The Truth About Higher MERV Ratings and Air Flow

As an HVAC expert, I have spent countless hours researching and studying the effects of MERV ratings on air flow. And one question that often comes up is whether a higher MERV rating decreases air flow. The short answer is yes, but it's not something to be overly concerned about unless you are dealing with extreme circumstances. First, let's define what a MERV rating is. MERV stands for Minimum Efficiency Reporting Value and it measures the effectiveness of an air filter in removing particles from the air.

The higher the MERV rating, the better the filter is at trapping pollutants and dust. However, with this increased effectiveness comes greater resistance, which means less airflow. But before we dive into the impact of higher MERV ratings on air flow, let's address a common misconception. Many people believe that higher MERV filters are not compatible with modern HVAC systems. This is simply not true.

In fact, millions of homeowners rely on higher MERV filters without any issues. The main concern with high-efficiency air filters is that they can become clogged if not changed regularly. However, if you stay on top of filter changes, you are unlikely to experience any problems with your air conditioning system. Research has shown that air conditioning systems with filters with a high MERV content do have a greater pressure drop throughout the filter. This means that the air has to work harder to pass through the filter, resulting in decreased air flow. This is a common finding in multiple studies. If you want to remove more particles from the air, you can opt for a filter with a different material.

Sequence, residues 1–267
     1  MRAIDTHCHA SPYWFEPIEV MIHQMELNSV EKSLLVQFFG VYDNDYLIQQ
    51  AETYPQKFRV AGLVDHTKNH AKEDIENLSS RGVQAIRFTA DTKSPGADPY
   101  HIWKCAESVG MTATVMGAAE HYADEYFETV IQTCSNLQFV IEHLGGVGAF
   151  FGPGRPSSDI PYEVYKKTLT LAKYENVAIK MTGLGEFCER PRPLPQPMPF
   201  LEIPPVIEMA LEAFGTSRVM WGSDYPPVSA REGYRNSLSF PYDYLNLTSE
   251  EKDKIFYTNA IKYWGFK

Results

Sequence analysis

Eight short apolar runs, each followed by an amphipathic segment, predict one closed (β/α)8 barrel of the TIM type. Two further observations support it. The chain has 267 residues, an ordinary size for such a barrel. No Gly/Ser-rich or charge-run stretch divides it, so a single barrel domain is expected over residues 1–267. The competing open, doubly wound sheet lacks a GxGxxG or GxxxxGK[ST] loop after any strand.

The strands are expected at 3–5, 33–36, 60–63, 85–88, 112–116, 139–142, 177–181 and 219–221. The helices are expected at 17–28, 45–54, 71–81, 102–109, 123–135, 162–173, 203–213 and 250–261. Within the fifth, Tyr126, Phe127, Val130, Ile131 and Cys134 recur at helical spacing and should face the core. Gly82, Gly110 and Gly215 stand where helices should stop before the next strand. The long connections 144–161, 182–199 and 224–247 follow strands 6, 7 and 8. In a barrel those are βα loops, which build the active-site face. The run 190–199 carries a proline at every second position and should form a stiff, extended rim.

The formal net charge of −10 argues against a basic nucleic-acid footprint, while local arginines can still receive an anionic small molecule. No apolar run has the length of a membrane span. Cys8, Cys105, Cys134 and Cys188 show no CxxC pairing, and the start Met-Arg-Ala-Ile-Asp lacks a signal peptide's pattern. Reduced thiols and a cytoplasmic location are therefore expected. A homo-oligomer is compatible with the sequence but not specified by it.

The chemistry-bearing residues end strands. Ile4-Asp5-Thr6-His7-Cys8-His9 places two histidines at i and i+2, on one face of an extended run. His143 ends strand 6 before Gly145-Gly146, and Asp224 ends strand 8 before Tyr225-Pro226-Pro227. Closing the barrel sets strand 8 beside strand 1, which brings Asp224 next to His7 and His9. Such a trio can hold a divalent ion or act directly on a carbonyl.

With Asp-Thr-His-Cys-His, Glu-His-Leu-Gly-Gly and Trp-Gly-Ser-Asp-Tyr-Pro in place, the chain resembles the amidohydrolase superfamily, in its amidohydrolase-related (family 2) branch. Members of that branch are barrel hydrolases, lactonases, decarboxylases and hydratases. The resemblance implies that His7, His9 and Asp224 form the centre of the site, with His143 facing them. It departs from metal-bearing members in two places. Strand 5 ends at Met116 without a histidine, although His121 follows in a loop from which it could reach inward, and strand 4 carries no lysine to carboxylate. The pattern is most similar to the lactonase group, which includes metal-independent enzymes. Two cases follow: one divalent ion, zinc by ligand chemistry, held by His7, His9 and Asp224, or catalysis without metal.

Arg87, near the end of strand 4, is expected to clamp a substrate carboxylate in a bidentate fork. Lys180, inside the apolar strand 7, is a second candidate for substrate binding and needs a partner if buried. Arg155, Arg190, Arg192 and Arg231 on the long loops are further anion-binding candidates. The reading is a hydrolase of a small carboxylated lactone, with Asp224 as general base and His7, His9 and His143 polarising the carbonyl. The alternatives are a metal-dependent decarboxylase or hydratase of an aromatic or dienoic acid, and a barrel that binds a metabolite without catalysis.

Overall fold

These filters have smaller pores, allowing them to trap more contaminants from the air stream. However, this also means they have higher resistance and can decrease air flow. So, what is the ideal MERV rating for your air filter? It ultimately depends on your priorities. If you prioritize air quality and have to deal with asthma, severe allergies, or other similar circumstances, then a MERV 13 or higher filter is recommended. These filters are highly effective at removing pollutants from the air, but they also have a greater impact on air flow. In fact, studies have shown that airflow in high MERV filters can be reduced by 7% to 11% compared to low MERV filters.

For example, an 8 MERV filter will filter down to approximately 10 microns, while a 13 MERV filter will only allow about 0.3 microns through. This is a significant difference in particle size and can have an impact on air flow. One consequence of using a highly effective air filter is that it can become loaded with pollutants quickly and increase the pressure drop. The extent of this increase may vary depending on your home and air conditioning system, but with modern technology, the impact on air flow is usually marginal. Now, let's address the two types of motors commonly used in HVAC systems - permanent split capacitor (PSC) and electronic commutation motor (ECM). For those with PSC motors, the increased resistance from a high-efficiency filter can result in a sharp drop in pressure and decreased air flow.

However, for those with ECM motors, the controls typically increase motor speed as pressure increases, maintaining a relatively constant airflow. So, what can you do to use a high MERV filter without experiencing a significant drop in air flow (for PSC fans) or increased energy use (for ECM fans)? The solution is quite simple - regularly change your filters. By doing so, you can reap the benefits of a high-efficiency filter without sacrificing air flow. Some HVAC technicians prefer low-efficiency filters because they have lower resistance to airflow. However, this also means they are less effective at removing particles from the air. It's important to strike a balance between air flow and air quality. On average, it is recommended that most homes and commercial spaces have a filter with a MERV rating of at least 5 and 12 for high-end filtration.

Low-efficiency filters typically fall within the MERV 1-4 range, while high-efficiency filters are MERV 13 and above. Through my research and experience, I have learned that two MERV 11 filters can have the same filtering capacity, but one can allow more air to pass through. This highlights the importance of regularly changing your filters to maintain optimal air flow and air quality.